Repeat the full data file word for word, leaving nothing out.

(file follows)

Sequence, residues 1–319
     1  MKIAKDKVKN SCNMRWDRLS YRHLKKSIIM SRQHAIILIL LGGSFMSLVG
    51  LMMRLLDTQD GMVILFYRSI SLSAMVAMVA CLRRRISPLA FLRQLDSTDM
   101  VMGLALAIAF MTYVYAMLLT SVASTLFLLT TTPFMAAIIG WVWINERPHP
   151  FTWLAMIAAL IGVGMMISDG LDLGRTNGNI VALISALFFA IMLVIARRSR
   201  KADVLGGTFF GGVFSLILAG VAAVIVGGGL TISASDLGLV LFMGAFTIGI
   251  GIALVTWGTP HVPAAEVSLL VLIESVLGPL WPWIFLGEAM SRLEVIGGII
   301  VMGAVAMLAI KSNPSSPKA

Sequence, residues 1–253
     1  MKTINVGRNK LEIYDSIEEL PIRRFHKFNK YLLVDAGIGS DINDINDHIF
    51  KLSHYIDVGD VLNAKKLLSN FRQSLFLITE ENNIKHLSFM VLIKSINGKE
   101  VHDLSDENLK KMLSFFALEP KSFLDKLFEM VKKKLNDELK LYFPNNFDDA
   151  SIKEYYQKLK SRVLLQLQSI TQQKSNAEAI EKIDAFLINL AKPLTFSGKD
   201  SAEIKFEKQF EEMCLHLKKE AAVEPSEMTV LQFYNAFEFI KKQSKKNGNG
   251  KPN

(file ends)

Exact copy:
Sequence, residues 1–319
     1  MKIAKDKVKN SCNMRWDRLS YRHLKKSIIM SRQHAIILIL LGGSFMSLVG
    51  LMMRLLDTQD GMVILFYRSI SLSAMVAMVA CLRRRISPLA FLRQLDSTDM
   101  VMGLALAIAF MTYVYAMLLT SVASTLFLLT TTPFMAAIIG WVWINERPHP
   151  FTWLAMIAAL IGVGMMISDG LDLGRTNGNI VALISALFFA IMLVIARRSR
   201  KADVLGGTFF GGVFSLILAG VAAVIVGGGL TISASDLGLV LFMGAFTIGI
   251  GIALVTWGTP HVPAAEVSLL VLIESVLGPL WPWIFLGEAM SRLEVIGGII
   301  VMGAVAMLAI KSNPSSPKA

Sequence, residues 1–253
     1  MKTINVGRNK LEIYDSIEEL PIRRFHKFNK YLLVDAGIGS DINDINDHIF
    51  KLSHYIDVGD VLNAKKLLSN FRQSLFLITE ENNIKHLSFM VLIKSINGKE
   101  VHDLSDENLK KMLSFFALEP KSFLDKLFEM VKKKLNDELK LYFPNNFDDA
   151  SIKEYYQKLK SRVLLQLQSI TQQKSNAEAI EKIDAFLINL AKPLTFSGKD
   201  SAEIKFEKQF EEMCLHLKKE AAVEPSEMTV LQFYNAFEFI KKQSKKNGNG
   251  KPN